51 Dalecary : And Manni, I suppose your data is clearcut that QF played US$65m for each 787? Just the sort of heresay you typically criticise others for. You and I
52 EI321 : That head guy at Qantas said in the press release afterwards that there was virtually no difference on price betewwn the two offers. Thats really the
53 Dalecary : Yes, but that could mean purchase price. I believe modelling the 2 types in QF revenue service over a 20 year period favoured the 787 significantly.
54 EI321 : Thats not what I quoted you on. You were were refering to purchase price:
55 Post contains links NAV20 : With all due respect, he did mention a few other criteria governing their choice:- "Qantas said it chose the 787 over the Airbus A350 because the Boe
56 Post contains links and images Manni : No, once again, a little search goes a long way. http://www.flightglobal.com/Articles...o+develop+Trent+1700+for+A350.html
57 Leelaw : I think NAV20 meant engine interchangability/common pylon feature of the 787?
58 NAV20 : Manni, that only says that RR are 'developing' an alternative engine for the A350. Care to guess how much priority they're giving the project now that
59 Post contains images Brendows : I believe you're right Leelaw I understood this as there were just a small difference in the sales price, but the 787 was chosen [Edited 2006-05-09 1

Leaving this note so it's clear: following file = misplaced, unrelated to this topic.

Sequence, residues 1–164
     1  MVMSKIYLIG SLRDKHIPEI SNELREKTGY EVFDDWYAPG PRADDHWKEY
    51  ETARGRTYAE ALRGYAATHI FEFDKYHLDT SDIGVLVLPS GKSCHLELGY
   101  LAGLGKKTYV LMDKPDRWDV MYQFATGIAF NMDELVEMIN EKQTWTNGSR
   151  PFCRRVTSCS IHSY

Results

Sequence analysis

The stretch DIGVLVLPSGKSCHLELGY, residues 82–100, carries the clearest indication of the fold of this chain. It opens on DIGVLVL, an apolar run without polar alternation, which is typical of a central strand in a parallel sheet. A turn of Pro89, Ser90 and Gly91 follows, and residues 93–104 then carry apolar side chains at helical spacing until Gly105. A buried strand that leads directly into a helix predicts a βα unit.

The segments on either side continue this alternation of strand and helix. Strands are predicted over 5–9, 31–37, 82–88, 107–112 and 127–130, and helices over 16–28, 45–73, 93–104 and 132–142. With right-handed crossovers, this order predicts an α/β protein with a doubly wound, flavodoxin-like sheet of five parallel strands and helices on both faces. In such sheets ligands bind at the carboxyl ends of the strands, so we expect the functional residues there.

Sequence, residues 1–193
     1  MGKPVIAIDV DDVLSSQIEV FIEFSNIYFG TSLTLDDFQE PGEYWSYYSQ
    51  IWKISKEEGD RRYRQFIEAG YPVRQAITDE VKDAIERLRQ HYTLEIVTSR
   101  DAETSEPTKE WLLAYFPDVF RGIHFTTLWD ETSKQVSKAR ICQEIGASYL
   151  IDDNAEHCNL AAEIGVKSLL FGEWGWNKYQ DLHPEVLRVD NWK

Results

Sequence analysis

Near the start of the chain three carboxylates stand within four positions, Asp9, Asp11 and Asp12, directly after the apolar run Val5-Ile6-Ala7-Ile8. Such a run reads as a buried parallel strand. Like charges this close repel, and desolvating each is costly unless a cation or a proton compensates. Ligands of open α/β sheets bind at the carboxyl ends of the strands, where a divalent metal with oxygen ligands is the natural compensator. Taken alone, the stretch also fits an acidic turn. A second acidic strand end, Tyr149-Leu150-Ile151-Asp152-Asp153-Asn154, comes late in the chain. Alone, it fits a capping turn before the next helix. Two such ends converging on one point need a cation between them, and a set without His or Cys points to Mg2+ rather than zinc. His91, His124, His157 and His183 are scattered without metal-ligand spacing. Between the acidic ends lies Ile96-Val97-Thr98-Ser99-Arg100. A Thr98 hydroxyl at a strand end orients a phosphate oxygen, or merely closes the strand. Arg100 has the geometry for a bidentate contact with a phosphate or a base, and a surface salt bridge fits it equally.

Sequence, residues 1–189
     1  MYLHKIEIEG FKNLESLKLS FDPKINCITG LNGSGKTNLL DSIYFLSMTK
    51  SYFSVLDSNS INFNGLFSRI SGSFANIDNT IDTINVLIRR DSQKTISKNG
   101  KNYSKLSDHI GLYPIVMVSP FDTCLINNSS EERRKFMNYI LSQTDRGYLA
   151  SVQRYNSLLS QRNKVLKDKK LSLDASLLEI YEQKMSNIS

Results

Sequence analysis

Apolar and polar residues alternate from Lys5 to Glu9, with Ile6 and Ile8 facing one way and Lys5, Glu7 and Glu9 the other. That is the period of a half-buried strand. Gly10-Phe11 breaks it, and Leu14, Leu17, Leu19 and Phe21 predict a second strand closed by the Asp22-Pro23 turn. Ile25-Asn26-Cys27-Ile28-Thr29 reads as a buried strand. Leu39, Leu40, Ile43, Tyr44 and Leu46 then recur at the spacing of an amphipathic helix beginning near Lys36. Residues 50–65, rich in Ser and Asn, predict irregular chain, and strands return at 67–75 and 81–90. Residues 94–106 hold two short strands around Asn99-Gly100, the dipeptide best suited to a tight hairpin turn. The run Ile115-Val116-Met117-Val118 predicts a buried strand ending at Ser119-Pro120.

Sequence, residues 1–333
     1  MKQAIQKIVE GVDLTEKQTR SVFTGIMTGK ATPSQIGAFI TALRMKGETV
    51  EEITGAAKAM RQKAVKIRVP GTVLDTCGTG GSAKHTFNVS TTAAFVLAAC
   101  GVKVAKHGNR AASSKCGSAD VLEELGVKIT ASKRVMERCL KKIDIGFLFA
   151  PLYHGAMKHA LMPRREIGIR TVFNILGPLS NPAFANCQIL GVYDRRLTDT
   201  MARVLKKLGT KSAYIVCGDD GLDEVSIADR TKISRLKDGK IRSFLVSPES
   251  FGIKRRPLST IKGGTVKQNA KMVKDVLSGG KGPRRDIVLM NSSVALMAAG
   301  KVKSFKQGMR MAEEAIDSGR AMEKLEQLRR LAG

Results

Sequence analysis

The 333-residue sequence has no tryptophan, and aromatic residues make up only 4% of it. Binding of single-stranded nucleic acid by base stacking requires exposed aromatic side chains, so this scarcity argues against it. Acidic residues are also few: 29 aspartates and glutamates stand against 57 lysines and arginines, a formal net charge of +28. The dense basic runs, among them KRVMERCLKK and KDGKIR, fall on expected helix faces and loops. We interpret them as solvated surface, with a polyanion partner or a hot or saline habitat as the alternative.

60 ClassicLover : Yes, because of earlier delivery slots, and the quote above - the 787 flies further, faster, burns less fuel, and has lower maintenance costs. Howeve
61 Timboflier215 : Isn't the CASM only really relavant if you can expect to fill the plane up to capacity? If the 777 is hauling around the number of people who can fit
62 Post contains links Manni : Judging by his reply, apparently not. In a market that is estimated at 3500 aircraft over he next 20 years with only 2 different manufacturers offeri
63 11Bravo : That's the beauty of a statement like this. It can be interpreted to mean almost anything. It's all things to all people. I personally take it to mea
64 Post contains images ClassicLover : Bulk discount. You order anything in bulk and you get a discount. QF order in bulk, they get a discount from Boeing. Boeing's suppliers know they hav